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With only seven per cent of the rural population having access to power supply, Tanzania will spend US$300mn in the next three years for rural electrification programme
According to the Rural Energy Agency (REA), this rollout is expected to boost access to over 30 per cent in an effort that will see 13 districts and 1,600 villages get access to electricity.
With an installed capacity of 773MW, Tanzania is the least electrified nation in East Africa with over 7.2mn household off-grid, according to World Bank.
Most of the national grid is currently supplied by hydropower but outages and high cost of power continue to hamper business in the country.
REA has recently signed agreements to implement second phase plan to supply electricity to 14 regions out of 24 earmarked for the power supply.
The 14 regions targeted for power connectivity include Simiyu, Katavi, Shinyanga, Njombe, Tabora, Mwanza, Mtwara, Singida, Kilimanjaro, Iringa, Mara, Dodoma, Arusha and Ruvuma.
Ami Mpungwe, head of REA, said, “This move is aimed at ensuring that 30 per cent of the Tanzanian population access electric power by the year 2015.”
The single-phase connection for homes less than 30 metres, where poles will not be required, is expected to cost US$110 down from previous cost of US$284.
However, Mpungwe said that lack of contractors has affected plans to connect the remaining 10 regions such as Kagera, Mbeya, Geita, Kigoma, Lindi, Manyara, Morogoro, Coast, Rukwa and Tanga.
According to REA’s blueprint, six new hydro plants will be harnessed on waterfalls namely Darakuta in Babati, Lingatunda in Songea, Luswisi in Ileje, Macheke in Ludewa, Mwago in Kasulu and Nole-Ihalula in Njombe.
When fully harnessed, the six power stations are expected to add 9.1MW to the national grid and cater for 27,600 households.
According to experts, for the country to provide enough power for industries, institutions and households, it must generate at least 3,000MW of power.
This gap between demand and supply has enticed foreign investment in the energy sector in Tanzania as growth in population and the economy continues.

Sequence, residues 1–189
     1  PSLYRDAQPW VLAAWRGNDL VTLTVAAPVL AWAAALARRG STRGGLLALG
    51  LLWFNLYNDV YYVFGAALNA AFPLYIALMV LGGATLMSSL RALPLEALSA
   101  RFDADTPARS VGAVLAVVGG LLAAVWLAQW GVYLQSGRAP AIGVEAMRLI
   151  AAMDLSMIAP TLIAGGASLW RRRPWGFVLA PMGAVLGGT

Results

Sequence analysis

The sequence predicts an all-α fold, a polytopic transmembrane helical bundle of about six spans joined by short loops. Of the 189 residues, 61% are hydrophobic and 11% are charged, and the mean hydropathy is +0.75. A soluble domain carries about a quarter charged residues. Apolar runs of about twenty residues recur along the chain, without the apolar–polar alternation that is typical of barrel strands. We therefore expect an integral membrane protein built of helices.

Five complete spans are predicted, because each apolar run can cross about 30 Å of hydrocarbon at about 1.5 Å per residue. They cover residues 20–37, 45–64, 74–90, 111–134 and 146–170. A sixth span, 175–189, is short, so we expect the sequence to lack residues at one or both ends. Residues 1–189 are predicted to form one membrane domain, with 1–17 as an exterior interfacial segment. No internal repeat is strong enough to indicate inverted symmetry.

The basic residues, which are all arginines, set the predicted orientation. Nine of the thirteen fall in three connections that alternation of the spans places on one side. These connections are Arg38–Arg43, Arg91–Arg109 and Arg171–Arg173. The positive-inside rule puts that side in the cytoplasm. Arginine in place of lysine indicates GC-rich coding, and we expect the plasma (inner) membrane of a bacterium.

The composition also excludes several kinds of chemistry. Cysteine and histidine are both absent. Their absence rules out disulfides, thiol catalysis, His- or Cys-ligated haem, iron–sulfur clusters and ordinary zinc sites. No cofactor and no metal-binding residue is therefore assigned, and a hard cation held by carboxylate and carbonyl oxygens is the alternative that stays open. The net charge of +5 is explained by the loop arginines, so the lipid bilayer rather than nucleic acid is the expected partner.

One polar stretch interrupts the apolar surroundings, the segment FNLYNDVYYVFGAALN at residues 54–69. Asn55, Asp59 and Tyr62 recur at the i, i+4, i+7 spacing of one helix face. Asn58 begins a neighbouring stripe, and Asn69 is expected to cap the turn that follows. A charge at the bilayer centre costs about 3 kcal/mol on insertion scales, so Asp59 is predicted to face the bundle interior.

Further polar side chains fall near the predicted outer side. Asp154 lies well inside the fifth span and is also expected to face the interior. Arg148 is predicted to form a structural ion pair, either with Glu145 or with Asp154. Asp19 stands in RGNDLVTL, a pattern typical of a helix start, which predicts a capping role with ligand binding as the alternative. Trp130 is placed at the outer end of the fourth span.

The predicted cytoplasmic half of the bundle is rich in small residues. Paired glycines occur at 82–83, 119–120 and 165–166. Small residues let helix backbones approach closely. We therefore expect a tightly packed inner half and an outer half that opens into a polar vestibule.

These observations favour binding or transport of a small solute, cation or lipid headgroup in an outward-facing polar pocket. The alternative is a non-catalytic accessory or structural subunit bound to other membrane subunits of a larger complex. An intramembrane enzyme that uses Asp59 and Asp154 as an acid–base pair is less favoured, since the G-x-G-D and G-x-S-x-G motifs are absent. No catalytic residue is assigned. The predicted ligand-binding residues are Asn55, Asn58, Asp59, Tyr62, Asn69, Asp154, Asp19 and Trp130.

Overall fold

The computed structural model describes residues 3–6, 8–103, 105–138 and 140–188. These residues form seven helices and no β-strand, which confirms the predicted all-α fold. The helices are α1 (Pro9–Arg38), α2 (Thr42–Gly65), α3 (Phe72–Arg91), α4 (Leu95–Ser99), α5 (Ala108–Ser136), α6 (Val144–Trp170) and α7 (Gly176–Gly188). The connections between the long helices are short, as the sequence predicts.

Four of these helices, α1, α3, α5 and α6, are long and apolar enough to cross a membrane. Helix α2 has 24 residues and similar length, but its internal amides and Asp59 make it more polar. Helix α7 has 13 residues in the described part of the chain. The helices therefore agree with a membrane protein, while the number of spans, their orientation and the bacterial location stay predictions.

Investors have been targeting renewable and non-renewable to narrow the demand gap.
Recently, US firm GE signed a co-operative agreement with Symbion Power Tanzania for the development of a US$1bn, a 400MW gas power to be built in Mtwara, located in the southern part of the country.
Symbion Power Tanzania currently runs a 55MW diesel engine plant in Dodoma, located in the north of the country.
A transmission line to Songea, situated close to the Malawi border, will also be constructed to deliver power to the region, which has huge economic potential with industries such as uranium extraction and other mining activities.
John Rice, vice-chairman of GE, said, “This project will ensure an enabling environment that supports sustainable economic growth by overcoming challenges such as power interruptions.”
While Tanzania has at least 1.18 trillion cubic metres of recoverable natural gas, little has been done to extract it.
According to the Ministry of Energy and Mineral, the country has an installed electricity capacity of 1,438MW. Of this capacity, 35 per cent comes from natural gas powered stations, with the rest coming from hydroelectric dams and diesel powered plants.
At the same time, Korean East-West Power Company and Tanzania Kibo Mining have invested US$700mn in the development of Rukwa Coal Power Project expected to generate 300MW to 350MW of power upon completion in four years.
Louis Coetzee, CEO of Kibo Mining, said, “We target to have power in the national grid within 42-48 months after the formal signing of the agreement with the Korean East-West Power.”
Energy officials say that the country now has coal reserves of up to five billion tonnes, revised up from the previous figure of 1.5bn tonnes.
Meanwhile, some of the ongoing power projects are the 200MW Kiwira Coal Plant that is expected to become operational in 2014 and would help boost power production in the country.
Another is the 2,100MW Stienglers Gorge hydroelectric power project located on River Rufiji Basin. It is expected to be operational by 2017.
The estimated capital cost of the project is US$2bn and at a tariff cost of US6.5c/KW, the project would make a profit in 12 years.